Westminster commentators are often quick to fix their own narrative to local election results nationally, but examining the individual results provide much more nuance.
This election – in theory – was meant to be about momentum (lower case ‘m’). Jeremy Corbyn’s Labour Party was going to continue the campaign momentum it gained in last year’s General Election to sweep the board. Labour have made gains in some areas – but has its performance really been good enough?
On Thursday 3rd May, there will be 4,350 seats up for election across 32 London boroughs, 34 metropolitan boroughs, 68 district and borough councils and 17 unitary authorities.
In the run up to council elections in London, Portland has compiled a list of 10 things to look out for when Londoners go to the polls.
Let’s hope the Chancellor has done his sums right as he prepares to borrow to make sure the UK is fit for its uncertain future.
Given Labour’s performance in the UK’s urban centres at June’s General Election, any future Labour Government would likely build on this dominance both at a constituency and mayoral level.
For firms one of the starkest short term effects of Corbyn’s first Labour leadership election victory has been the mobilisation of the new activist left.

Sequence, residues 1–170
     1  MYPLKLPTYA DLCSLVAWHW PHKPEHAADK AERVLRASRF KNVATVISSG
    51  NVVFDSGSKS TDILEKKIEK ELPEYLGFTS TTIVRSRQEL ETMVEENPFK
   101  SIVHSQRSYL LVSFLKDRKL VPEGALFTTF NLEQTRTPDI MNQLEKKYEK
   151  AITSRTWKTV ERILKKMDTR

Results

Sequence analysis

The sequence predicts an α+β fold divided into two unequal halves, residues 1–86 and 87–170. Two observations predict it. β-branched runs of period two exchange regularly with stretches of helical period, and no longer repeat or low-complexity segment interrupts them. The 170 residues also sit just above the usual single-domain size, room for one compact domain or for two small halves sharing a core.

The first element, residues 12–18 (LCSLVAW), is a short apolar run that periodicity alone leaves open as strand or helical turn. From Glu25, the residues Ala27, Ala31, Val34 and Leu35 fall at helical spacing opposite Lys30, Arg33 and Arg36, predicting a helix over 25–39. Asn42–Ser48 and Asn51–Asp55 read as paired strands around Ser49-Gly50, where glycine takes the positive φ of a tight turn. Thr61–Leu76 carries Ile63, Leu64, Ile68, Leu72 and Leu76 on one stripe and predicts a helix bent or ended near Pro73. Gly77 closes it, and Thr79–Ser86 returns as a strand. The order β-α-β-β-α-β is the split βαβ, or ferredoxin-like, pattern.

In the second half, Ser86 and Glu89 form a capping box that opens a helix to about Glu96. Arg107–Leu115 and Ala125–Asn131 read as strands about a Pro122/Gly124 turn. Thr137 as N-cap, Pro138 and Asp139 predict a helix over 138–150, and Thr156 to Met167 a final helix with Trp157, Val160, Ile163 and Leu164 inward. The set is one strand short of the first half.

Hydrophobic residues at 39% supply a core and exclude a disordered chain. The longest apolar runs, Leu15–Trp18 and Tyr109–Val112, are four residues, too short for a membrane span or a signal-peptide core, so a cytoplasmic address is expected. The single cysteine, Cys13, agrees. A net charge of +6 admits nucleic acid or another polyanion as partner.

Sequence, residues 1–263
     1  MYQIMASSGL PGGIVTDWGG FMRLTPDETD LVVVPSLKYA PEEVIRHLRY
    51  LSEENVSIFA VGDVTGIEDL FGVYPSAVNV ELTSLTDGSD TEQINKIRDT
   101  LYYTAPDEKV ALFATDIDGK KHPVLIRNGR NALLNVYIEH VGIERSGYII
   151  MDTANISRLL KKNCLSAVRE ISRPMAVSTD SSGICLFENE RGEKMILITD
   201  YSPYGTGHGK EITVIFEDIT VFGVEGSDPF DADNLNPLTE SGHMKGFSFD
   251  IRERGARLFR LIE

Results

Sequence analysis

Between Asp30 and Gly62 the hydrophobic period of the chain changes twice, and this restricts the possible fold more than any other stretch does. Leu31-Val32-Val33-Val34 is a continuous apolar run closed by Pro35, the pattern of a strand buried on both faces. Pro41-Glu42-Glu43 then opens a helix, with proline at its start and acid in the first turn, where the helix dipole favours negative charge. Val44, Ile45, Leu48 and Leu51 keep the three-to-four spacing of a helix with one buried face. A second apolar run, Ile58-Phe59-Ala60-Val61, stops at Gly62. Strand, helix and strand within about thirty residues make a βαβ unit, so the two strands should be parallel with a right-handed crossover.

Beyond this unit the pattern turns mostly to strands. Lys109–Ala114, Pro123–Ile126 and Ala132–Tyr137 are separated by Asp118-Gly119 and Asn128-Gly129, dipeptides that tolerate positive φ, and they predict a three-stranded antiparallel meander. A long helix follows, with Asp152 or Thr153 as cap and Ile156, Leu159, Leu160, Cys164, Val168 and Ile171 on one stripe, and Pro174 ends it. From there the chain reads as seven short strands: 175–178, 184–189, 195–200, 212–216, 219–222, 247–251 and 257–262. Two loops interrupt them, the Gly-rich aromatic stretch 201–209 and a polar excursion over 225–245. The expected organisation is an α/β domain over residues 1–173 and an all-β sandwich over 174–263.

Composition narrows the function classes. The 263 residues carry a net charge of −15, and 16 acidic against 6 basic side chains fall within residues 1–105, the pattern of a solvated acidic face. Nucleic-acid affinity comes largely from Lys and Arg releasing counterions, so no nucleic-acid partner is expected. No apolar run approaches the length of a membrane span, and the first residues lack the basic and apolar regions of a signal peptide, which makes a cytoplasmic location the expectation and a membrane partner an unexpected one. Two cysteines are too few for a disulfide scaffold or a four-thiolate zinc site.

A Corbyn Government will be a campaigning government. Fighting austerity, promoting social justice, and building an economy for the many not the few would be dominant political themes.
In the month between the local elections and the General Election, Labour’s fortunes changed dramatically.
Wounded Theresa May made only minor changes to her Cabinet after the election disaster but Downing Street has undergone seismic change. May’s hand was forced by the parliamentary party to dispose of her two joint chief of staff. Nick Timothy and Fiona Hill received the brunt of the initial blame for the election defeat and their departures were effectively the price May paid to remain in post.
Measurement and evaluation